The ITC Royal Gardenia blends modern decor and an eco-friendly theme, but would do well to pay more attention to the finer details.
ITC Royal Gardenia, Bangalore
At the airport I slid into the waiting car, expecting to be whisked off to the luxury of the five-star hotel. Forty-five minutes on Bangalore's teeming, congested roads later, I finally presented myself at the reception while my bags were transferred to my room. Check-in was smooth, fuss-free and exceptionally attentive - the ratio of five staff to one guest was actually a little unnerving. Still, the hotel had opened its doors only two months earlier and I can't criticise their eagerness to please. They presented me with a silk scarf as a welcome gift, a symbol of the neighbouring city of Mysore's royal past.
Situated on Residency Road in the heart of Bangalore, the hotel is neighbour to the 125-year-old Bangalore Club, which has its roots in colonial India and once counted Winston Churchill as a member. Nearby, Lavelle Road and Vittal Mallya Road feature intimate coffee shops and boutiques selling the wares of some of India's finest designers, while The Collection at the UB City mall at the end of Lavelle Road is the place to head to for European designers and cuisine alike. From restaurants to nightclubs and retail therapy, it's all a taxi ride away from the property. Guests have access to the hotel cars, which makes negotiating through the winding lanes that much easier.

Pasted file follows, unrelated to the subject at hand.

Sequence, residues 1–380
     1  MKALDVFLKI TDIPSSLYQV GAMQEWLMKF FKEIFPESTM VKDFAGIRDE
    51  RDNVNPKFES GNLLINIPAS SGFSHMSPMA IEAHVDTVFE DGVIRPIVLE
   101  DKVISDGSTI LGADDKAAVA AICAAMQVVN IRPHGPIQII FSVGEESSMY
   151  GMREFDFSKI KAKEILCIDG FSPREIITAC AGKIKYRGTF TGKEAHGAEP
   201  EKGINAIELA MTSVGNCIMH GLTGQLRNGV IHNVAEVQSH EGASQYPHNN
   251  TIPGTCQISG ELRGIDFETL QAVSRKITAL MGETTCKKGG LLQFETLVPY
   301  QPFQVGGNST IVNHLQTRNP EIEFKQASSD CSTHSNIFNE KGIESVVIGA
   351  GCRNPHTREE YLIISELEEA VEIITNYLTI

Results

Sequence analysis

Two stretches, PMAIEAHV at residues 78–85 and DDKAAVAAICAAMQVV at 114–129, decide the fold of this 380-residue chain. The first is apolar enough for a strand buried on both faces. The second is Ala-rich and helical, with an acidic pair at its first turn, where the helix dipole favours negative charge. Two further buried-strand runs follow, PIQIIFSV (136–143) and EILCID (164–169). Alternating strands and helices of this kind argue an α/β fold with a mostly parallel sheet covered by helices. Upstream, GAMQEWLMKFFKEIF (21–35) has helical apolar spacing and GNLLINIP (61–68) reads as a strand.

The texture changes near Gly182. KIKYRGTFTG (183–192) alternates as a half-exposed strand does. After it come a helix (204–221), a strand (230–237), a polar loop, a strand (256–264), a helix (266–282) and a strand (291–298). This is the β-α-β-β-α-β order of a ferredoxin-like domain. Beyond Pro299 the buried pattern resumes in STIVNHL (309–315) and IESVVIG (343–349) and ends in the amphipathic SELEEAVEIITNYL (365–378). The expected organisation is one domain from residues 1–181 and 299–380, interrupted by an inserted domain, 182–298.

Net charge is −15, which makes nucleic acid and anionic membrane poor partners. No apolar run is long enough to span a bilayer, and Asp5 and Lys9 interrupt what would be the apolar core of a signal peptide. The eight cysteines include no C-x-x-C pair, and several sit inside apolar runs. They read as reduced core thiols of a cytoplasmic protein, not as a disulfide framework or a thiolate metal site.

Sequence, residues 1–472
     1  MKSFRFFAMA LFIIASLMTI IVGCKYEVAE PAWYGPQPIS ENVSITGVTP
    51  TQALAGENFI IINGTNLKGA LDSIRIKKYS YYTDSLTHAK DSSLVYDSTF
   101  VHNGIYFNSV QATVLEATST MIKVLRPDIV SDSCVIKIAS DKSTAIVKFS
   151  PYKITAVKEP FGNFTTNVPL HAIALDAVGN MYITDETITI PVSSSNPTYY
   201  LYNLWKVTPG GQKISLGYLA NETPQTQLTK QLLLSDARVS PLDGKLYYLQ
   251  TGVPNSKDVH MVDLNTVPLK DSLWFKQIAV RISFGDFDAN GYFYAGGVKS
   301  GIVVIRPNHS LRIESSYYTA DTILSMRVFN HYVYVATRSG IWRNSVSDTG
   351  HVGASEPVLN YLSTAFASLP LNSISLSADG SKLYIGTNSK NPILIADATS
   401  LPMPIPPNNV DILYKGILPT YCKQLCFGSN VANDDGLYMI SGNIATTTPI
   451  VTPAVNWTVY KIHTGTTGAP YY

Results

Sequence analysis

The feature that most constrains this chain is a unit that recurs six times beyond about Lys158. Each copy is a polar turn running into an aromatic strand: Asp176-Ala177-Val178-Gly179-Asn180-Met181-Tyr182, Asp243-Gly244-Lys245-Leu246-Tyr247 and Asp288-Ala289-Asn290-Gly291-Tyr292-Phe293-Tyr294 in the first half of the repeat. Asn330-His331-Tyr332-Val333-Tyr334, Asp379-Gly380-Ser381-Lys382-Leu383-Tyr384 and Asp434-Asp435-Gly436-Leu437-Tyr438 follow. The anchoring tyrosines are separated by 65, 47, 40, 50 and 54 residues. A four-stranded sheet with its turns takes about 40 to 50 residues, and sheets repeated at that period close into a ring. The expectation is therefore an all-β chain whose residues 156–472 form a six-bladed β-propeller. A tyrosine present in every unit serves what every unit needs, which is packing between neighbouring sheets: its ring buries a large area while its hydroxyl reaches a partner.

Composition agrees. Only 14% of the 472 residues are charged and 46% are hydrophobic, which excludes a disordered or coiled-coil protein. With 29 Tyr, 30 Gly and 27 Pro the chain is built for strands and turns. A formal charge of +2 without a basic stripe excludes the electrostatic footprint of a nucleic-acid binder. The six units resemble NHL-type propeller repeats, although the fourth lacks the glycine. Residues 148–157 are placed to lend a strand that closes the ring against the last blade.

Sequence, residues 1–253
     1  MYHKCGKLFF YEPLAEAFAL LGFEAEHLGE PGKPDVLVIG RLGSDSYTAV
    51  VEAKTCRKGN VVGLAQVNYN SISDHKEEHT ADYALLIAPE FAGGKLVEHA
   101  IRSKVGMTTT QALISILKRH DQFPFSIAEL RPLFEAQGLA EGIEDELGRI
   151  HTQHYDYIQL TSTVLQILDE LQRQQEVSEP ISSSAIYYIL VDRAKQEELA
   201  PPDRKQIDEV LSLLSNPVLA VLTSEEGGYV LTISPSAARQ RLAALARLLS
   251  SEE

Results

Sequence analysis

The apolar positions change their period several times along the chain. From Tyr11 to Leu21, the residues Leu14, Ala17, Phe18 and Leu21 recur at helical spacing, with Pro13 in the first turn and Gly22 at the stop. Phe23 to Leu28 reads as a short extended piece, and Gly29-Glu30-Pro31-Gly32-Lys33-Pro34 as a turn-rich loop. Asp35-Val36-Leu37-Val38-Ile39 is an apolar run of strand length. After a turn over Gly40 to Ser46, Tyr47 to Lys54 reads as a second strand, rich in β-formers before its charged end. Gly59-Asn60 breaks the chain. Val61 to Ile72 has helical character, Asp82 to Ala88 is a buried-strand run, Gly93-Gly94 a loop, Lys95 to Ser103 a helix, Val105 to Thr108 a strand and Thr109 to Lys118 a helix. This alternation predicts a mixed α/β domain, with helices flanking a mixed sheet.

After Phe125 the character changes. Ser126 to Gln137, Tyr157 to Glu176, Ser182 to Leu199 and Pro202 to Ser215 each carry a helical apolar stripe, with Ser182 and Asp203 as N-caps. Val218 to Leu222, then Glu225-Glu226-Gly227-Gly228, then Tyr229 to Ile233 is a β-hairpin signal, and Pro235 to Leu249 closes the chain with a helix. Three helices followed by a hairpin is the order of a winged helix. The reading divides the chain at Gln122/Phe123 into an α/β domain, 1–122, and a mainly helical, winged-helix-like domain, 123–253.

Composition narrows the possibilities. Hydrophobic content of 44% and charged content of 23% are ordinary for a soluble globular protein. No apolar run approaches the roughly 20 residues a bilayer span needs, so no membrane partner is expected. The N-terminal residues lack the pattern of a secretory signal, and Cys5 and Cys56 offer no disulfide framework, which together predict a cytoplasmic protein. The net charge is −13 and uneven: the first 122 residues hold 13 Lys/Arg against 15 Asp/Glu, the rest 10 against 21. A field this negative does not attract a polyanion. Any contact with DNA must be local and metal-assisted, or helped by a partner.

Oddly enough for a hotel that's not even running at half its capacity (only 100 of the 292 rooms and suites are currently open to guests) and hasn't had a formal launch yet, the lobby and its Raj Pavilion coffee shop seem perennially full, from guests taking in the vertical gardens - little pockets of foliage sewed into walls three floors high and watered by drip irrigation - to lounging on the traditional Indian divans that dot the entrance. There's a mixed crowd of families and businessmen and the hotel is already a popular wedding venue, which means there's almost always a flock of brightly clad men and women sweeping across the marble floors in embellished kurtas and lehengas.
My room was located on the Eva Floor, which is home to five suites that are aimed at and serviced exclusively by women. The only time you'll see a man up there, my butler told me, is when the electrician comes by.
The spacious suite had a large walk-in wardrobe and living and study areas that were separated from the bed by a wall that had TVs on each side, so guests can choose to watch sitting or supine. A large balcony looked out onto the swimming pool and the lobby below. The bathroom featured both a spacious bath with a mini TV and a separate section with a rain shower. Guests can control the room's lighting through a touchpad phone alongside the bed - a nice touch. Floral decorations abounded - there were dried flowers, fake flowers and even pictures of flowers on the wall, leaving little doubt as to the room's target audience.